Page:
Legend Boucles @ Bastogne 2020
Clarification regarding the ‘Slow Zones’
Since the announcement, during the press conference at Libramont, of the main new innovations that will feature in the Legend Boucles @ Bastogne 2020, certain subjects have quite clearly caused some talk. Kicking off with the ‘Slow Zones’ in certain regularity tests. A notion at times misinterpreted, and which deserves being re-explained …
“In the past we have been able to resort to PC, the organiser Pierre Delettre explained. The aim first and foremost was to slow down the cars, and even to oblige them to stop, and this in ‘sensitive’ zones, where care and attention was of the essence. The worry of these PC was that certain competitors did not come to a full standstill, whilst others complained of a waste of time when having the PC stamped. It was therefore interesting for us to look for an alternative. And it came from Endurance circuit racing …”
Those that regularly follow the 24 Hours of Le Mans will have noticed that in the event of a problem on the track ‘Slow Zones’ are set up, obliging the competitors to seriously reduce their speed on a specific section, between a point A and a point B. “This is exactly the principle will shall be applying on certain RT, Pierre continued. Essentially for reasons of safety on certain tricky zones or when entering a village. There was also a wish to preserve the clutches of historic vehicles at the start, by avoiding frequent stop-start issues. Let’s not forget that our racing machines have reached a certain age, and that the Legend Boucles @ Bastogne course does not want us to add additional pressure …”
As such each ‘Slow Zone’ will oblige the teams to respect a given time between entry and exit, actualised by highly visible panels. These ‘Slow Zones’ will be between 200 and 300 metres in length depending on the area, and the competitors will have 20 or 30 seconds in which to cover them, which is equivalent to an average of 36 km/h which everyone will be able to handle as they wish, either through stopping in the zone or by adopting a constant speed. All in all the intention is not to exit the zone before the foreseen time, as otherwise a penalty similar to a missed PC in the old formula will be applied. The advantage of this system is that one single stopwatch is required to manage the ‘Slow Zone’. No reason to have one’s eyes rivetted on the odometer.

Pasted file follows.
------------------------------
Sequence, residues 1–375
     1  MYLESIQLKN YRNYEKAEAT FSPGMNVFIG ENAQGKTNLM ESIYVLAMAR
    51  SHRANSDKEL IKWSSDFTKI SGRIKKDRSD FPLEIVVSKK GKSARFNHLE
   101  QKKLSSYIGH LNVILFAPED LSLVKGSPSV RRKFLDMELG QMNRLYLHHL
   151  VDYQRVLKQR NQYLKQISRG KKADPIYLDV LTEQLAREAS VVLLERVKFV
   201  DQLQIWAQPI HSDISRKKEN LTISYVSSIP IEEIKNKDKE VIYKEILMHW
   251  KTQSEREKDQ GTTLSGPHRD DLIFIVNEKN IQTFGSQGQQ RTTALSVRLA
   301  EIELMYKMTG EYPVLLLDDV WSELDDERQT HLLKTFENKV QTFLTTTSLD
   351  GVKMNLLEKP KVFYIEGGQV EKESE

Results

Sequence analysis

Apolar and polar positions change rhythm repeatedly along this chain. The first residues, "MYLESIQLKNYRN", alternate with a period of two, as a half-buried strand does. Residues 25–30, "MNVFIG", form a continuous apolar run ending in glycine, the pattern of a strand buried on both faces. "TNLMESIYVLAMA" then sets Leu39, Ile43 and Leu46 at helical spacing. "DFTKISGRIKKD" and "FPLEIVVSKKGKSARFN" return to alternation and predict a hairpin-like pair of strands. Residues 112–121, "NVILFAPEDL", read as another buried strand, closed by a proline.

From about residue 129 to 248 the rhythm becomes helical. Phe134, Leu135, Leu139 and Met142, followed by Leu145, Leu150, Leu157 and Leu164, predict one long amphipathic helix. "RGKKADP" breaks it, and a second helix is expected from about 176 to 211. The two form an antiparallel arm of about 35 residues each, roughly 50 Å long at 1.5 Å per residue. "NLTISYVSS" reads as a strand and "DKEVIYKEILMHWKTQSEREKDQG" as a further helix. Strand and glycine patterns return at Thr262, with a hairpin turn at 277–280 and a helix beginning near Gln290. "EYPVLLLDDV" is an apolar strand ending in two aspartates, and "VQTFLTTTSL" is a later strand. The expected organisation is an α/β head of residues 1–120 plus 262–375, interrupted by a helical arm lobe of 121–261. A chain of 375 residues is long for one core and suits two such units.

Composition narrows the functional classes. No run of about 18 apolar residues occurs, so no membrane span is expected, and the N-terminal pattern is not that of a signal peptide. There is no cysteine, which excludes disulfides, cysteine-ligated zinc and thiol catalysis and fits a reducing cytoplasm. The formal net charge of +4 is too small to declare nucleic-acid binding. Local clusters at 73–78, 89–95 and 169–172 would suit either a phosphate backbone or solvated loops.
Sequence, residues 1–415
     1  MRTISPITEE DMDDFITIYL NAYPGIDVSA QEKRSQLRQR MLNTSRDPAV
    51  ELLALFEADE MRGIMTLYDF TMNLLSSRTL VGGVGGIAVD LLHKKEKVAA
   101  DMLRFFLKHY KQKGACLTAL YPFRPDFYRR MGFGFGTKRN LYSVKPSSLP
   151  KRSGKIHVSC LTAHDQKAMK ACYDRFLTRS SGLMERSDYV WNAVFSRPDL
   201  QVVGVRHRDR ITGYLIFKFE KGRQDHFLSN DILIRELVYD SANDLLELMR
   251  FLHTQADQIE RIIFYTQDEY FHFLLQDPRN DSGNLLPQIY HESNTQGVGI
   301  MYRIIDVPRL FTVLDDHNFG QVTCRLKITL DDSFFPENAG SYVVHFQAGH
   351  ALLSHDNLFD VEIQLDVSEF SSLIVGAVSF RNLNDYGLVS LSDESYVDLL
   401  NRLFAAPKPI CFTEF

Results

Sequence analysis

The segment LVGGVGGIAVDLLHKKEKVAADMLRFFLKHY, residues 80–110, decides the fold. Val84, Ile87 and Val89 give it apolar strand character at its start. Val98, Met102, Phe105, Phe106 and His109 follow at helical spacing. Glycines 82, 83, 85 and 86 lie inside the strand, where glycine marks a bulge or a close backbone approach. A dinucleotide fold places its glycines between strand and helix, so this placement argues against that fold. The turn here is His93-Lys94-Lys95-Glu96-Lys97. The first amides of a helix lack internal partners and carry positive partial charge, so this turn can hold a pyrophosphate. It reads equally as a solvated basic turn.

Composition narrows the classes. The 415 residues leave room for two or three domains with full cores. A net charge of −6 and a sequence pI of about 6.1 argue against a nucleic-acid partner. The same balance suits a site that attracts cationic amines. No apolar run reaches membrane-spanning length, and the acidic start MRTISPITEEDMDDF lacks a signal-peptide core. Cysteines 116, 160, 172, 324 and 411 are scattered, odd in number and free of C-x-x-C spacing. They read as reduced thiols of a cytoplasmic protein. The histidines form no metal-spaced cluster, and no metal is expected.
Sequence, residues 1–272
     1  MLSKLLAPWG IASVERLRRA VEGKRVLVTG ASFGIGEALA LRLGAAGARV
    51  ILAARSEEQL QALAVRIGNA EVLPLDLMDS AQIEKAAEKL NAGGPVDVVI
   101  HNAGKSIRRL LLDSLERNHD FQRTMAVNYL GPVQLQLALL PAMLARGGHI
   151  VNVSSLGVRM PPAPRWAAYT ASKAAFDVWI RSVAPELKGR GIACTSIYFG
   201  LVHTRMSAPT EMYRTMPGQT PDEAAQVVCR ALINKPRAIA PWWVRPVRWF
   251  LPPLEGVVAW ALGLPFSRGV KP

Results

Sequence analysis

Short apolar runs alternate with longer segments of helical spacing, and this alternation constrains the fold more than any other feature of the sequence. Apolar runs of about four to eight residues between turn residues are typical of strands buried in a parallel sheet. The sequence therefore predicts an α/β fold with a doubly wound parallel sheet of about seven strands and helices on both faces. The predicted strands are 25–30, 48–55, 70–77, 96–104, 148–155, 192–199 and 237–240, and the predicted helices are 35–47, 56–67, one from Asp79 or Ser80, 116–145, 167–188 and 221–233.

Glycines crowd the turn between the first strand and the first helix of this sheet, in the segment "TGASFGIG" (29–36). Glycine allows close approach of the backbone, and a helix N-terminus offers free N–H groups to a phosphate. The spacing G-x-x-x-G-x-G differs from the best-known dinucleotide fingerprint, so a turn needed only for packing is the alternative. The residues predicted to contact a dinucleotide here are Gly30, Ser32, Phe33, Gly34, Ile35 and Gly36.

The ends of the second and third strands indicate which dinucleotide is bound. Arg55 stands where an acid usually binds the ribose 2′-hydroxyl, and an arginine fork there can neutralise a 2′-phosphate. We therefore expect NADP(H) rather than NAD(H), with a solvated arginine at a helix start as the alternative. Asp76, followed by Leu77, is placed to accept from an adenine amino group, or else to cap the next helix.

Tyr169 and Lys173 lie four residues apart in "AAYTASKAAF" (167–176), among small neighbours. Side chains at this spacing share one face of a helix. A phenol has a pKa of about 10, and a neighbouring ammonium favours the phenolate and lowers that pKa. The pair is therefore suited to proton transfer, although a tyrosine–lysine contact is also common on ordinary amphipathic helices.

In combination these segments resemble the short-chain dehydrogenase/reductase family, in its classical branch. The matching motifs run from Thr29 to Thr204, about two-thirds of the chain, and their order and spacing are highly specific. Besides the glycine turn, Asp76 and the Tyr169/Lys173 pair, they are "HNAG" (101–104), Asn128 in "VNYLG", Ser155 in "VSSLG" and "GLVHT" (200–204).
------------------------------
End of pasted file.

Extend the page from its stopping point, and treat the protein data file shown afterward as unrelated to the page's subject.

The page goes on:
Worth specifying that for the ‘Classic’ category the appearance of these ‘Slow Zones’ will not lead to a variation of the overall average of the RT involved. It will quite simply be a question of catching up the average further along, similar as to when the competitors stopped at a PC. The philosophy therefore remains identical in ‘Classic’: no alteration of average, apart from in exceptional cases when the course requires it.
In no way is there any question of complicating the running of the Legend Boucles @ Bastogne, but rather to link the respect for mechanics with safety. But competitors can be reassured, there will not be tens of ‘Slow Zones’ during these two days of the Legend Boucles @ Bastogne 2020. Everyone will be able to go into the attack as they please, especially in the ‘Legend’ and ‘Challenger’ categories…